8. Repeat steps 3-7 to add a field to the attribute definition for the sheet number using the SheetNumber placeholder type.

9. Redefine the callout block using the Block command (not necessary if you use BATTMAN or the Block Editor) and save the drawing.

That is all it takes to make your old callout block(s) smarter! Now you need to assign your callout block(s) to the Callout blocks property in your sheet set.

1. In the Sheet Set Manager, right-click on the sheet set title and choose Properties.

2. In the Sheet Set Properties dialog box, select Callout Block and choose the button to access the Select Block dialog box.

 

 

3. In the Select Block dialog box, navigate to file that contains your updated callout blocks. As mentioned previously, your callout blocks might be defined in their own drawing (DWG) or template (DWT) files or they might exist as block definitions within a larger drawing or template file.

4. If your callout blocks are individual drawings, select the option: Select the drawing file as a block.

-Or-

If your callout blocks are definitions within a drawing or template, select the option: Choose blocks in the drawing file and then select the appropriate block definitions.

You can assign any number of callout blocks to a sheet set.

 

5. Choose OK to close each of the dialog boxes and accept the changes.

Now you’re ready to test it out!

1. In the Sheet Set Manager, select the Sheet List tab.

2. Open a sheet to which you want to add a callout.

3. Select the Sheet Views tab. This tab displays all of the sheet/layout views created by the Sheet Set Manager.

4. Right-click on the view that you want to reference in your callout and choose Place Callout Block. The first time you do this, the Place Callout Block cascading menu option may display the option to Select Blocks. You can choose the Select Blocks option and then select all the callout blocks that you want to be available from the Sheet Set Manager. Subsequent access to the Place Callout Block cascading menu will display all the blocks that you selected.

 

5. Select the callout block you want to insert and place it on the sheet. The view and sheet numbers should automatically display in the callout.

6. Hover the cursor over the callout block and press Ctrl as you select the view or sheet number. If you select the sheet number, AutoCAD will open the appropriate drawing sheet. If you select the view number, AutoCAD will open the drawing as well as zoom into the appropriate view.

Now that your drawing is using field data, it is CRUCIAL that you do NOT edit those attribute values using traditional methods. For example, if you want to change the view number or sheet number on the callout, it might be very tempting to double-click on the callout block and enter the number for the Value of that block instance. If you do that, the intelligence you gained from fields is gone.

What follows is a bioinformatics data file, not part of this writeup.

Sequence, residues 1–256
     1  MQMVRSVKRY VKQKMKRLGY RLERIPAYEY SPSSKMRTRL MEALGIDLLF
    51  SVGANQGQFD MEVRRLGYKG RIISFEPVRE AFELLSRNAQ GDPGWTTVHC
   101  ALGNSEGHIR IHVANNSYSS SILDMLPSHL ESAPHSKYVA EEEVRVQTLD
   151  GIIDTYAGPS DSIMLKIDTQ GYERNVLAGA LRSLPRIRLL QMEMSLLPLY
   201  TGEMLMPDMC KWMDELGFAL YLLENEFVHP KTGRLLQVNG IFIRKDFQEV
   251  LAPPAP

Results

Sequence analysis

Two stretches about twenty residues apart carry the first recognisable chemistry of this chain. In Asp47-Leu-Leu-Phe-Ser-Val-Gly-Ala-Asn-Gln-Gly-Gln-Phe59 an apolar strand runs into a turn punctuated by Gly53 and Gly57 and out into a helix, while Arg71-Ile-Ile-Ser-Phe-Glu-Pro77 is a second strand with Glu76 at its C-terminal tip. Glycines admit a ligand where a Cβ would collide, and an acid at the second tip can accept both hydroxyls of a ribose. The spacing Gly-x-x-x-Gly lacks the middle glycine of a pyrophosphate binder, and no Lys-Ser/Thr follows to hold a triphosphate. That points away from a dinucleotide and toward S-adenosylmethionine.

Unfortunately there is no way to prevent users from making this mistake, so it can only be avoided through education! If you see a field in a drawing (text with a grey background), never edit it! That data is being read from somewhere else and you need to edit the source, not the attribute value! In most cases that source data should be edited in the Sheet Set Manager. Since a callout is reading the view and sheet numbers from an existing view/sheet, you need to change the view or sheet number on the View List (Sheet Views) or Sheet List tab. Do not forget to REGEN your drawing to ensure it displays the most current field data.

By the way, if you are familiar with sheet set view categories you may wish to use different callout blocks for different types of views. For example, you might have a view category called Elevations that points to one set of callout blocks and a view category called Sections that points to a different set of callout blocks. You can use the Sheet Views tab to assign callout blocks to different view categories.

Applied Technology Group is a Platinum Autodesk Business Partner. Founded in North Little Rock, Ark., in 1992 as a local computer services company, ATG has grown to become a leading design technology partner with the purpose of assisting customers in maximizing the value and adoption of advanced technologies so they can perform competitively in the AEC sector. ATG collaborates with customers across the Gulf South, Midwest and Southwest through partnerships with 3DR, Autodesk, Leica, Microsoft and Panzura. Learn more about our company at www.atgusa.com.

Autodesk and the Autodesk logo are registered trademarks or trademarks of Autodesk, Inc., and/or its subsidiaries and/or affiliates in the USA and/or other countries.

Albuquerque ATG Customer Appreciation Event

 

Albuquerque ATG Customer Appreciation Event

On behalf of ATG USA, you’re invited to a Customer Appreciation Event on Thursday, September 6th. Join your ATG Account Executive as they say thank you for your years of loyalty to us. Complimentary drinks and apps will be provided. This event starts at 5:30 PM and will run until 7 PM at the Parq Hotel, Apothecary Rooftop Bar Lounge & Bar- 806 Central Ave SE in Albuquerque.  We look forward to seeing you there. Please RSVP to your Account Executive or email sprince@atgusa.com

 

 

 

On behalf of ATG USA, you’re invited to a Customer Appreciation Event on Thursday, September 6th. Join your ATG Account Executive as they say thank you for your years of loyalty to us. Complimentary drinks and apps will be provided. This event starts at 5:30 PM and will run until 7 PM at the Parq Hotel, Apothecary Rooftop Bar Lounge & Bar- 806 Central Ave SE in Albuquerque.  We look forward to seeing you there. Please RSVP to your Account Executive or email sprince@atgusa.com

 

Applied Technology Group is a Platinum Autodesk Business Partner. Founded in North Little Rock, Ark., in 1992 as a local computer services company, ATG has grown to become a leading design technology partner with the purpose of assisting customers in maximizing the value and adoption of advanced technologies so they can perform competitively in the AEC sector. ATG collaborates with customers across the Gulf South, Midwest and Southwest through partnerships with 3DR, Autodesk, Leica, Microsoft and Panzura. Learn more about our company at www.atgusa.com.

Autodesk and the Autodesk logo are registered trademarks or trademarks of Autodesk, Inc., and/or its subsidiaries and/or affiliates in the USA and/or other countries.